For example, the trio kept investing in expansion projects despite falling iron ore prices -- something smaller and weaker players simply can't do. But something has recently changed that is signaling an industry turning point may be near.
Spending into the downturn
Iron ore prices have plummeted roughly 66% since peaking in early 2011. That's left once wildly profitable miners bleeding red ink. For example, Cliffs Natural Resources (NYSE:CLF) has posted red ink in each of the last five quarters as it struggles to adjust to a fast-changing market.
Vale has lost money in each of the last three quarters. And while BHP and Rio Tinto have remained largely profitable, both have watched their top and bottom lines fall from the peak years.
The main culprit, of course, is the steep decline in revenues brought about by falling iron ore prices, which make up a huge portion of each company's business. That's doubly true because these giants have actually been increasing production since the price peak in 2011.
Rio, for example, produced around 244 million tonnes of iron ore in 2011, and 295 million tonnes last year. BHP's production advanced from 134 million tonnes in its fiscal year ended June 2011 to 204 million tonnes at the end of fiscal 2014.
There are various reasons for these companies sticking to the production growth track. For starters, iron demand has continued to grow, and is expected to keep growing in the future. So the problem today is an issue of too much supply, not falling demand. Eventually, demand should catch up.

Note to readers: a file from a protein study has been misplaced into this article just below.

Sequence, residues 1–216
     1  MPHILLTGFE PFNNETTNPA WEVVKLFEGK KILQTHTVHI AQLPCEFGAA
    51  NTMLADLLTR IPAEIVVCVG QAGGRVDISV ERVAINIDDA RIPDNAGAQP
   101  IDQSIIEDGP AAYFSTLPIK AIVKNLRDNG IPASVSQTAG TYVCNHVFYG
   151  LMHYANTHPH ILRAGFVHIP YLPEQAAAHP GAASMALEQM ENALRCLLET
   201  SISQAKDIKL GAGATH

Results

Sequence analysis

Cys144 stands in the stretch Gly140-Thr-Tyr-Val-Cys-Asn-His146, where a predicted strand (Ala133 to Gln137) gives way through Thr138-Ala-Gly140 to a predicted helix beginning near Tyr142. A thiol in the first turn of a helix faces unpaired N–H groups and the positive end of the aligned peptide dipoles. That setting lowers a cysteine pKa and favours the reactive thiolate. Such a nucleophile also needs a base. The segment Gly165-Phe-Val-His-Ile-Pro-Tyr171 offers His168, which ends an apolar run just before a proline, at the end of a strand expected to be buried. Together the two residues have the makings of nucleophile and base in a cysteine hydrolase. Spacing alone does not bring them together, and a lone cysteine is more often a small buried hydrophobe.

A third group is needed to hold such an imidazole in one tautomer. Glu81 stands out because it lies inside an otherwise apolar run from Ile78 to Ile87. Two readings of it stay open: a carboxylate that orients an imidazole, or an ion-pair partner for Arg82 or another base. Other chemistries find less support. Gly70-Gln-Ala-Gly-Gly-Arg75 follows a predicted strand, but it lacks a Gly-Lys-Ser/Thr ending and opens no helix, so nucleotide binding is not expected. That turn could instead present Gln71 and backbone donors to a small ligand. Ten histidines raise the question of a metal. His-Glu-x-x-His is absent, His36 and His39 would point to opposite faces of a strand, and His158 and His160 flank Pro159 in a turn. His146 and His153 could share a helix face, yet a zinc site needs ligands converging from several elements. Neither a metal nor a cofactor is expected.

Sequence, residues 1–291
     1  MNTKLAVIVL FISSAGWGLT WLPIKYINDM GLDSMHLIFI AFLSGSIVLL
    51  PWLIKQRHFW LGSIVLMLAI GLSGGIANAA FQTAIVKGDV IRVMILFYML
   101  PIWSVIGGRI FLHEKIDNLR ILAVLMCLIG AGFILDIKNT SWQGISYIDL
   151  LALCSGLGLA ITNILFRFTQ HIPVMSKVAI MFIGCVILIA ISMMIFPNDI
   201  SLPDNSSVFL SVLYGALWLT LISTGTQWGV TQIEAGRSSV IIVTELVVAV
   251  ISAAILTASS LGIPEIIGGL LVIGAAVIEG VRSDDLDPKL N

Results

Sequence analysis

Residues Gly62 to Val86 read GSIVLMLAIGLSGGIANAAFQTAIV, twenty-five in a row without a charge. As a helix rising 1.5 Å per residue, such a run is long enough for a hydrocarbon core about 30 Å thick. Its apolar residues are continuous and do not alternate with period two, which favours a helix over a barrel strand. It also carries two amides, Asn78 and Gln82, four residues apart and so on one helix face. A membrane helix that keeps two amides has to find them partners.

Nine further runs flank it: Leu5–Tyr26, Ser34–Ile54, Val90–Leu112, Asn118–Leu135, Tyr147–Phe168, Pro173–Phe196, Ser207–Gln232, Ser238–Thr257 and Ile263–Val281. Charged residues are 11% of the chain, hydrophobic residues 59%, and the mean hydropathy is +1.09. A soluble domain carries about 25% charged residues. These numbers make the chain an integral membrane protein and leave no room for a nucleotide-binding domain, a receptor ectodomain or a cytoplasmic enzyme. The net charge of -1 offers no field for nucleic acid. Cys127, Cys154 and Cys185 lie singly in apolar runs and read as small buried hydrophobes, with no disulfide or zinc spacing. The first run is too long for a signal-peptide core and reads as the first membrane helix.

Second, building out a mine takes years to complete. So construction on the mines that are producing the oversupply today was started way back when iron prices were higher.
Third, increased production can at least partially offset the pain of falling prices. And perhaps most important, the giant players, usually with the lowest costs, can afford to keep spending when others have to stop.
Something's different today
But giant miners like Vale, BHP, and Rio are sounding a different note today. For example, Vale is still spending on expansion projects, but the new production will afford it the ability to trim production from higher cost mines.
According to CEO Murilo Ferreira, the current expansion efforts will let Vale "substitute some low margin ores with some higher margin ores." In other words, production won't grow as much, and Vale will make more per tonne.
BHP, meanwhile, has decided to defer a key project. According to the company, "While this will lead to a slower path to system capacity of 290 Mtpa, it will come at a lower capital cost." So BHP is also pulling back on the accelerator.
And Rio slipped this little gem into its first-quarter news release, "As part of the ongoing efficiency programme inventory draw-down will be used throughout the year to maximise cash flows." Another giant that seems to want to slow things down.
Supply and demand always balance out
With these giants all seemingly looking to curtail their own impact on global supply, this could be the tipping point -- an inflexion that allows demand to catch up with supply, and prices to start rising again. This, in turn, would push each of these companies' earnings higher. That's exactly the way this cyclical industry has always worked.
The big question has been, when will supply growth ebb enough for that to happen? Recent comments suggest that time might be now.
If you're a conservative investor, you'll probably want to stick with companies like BHP and Rio, which have managed to, for the most part, stay profitable in the face of adversity. For more aggressive investors, Vale, which is mired in red ink, might be of interest.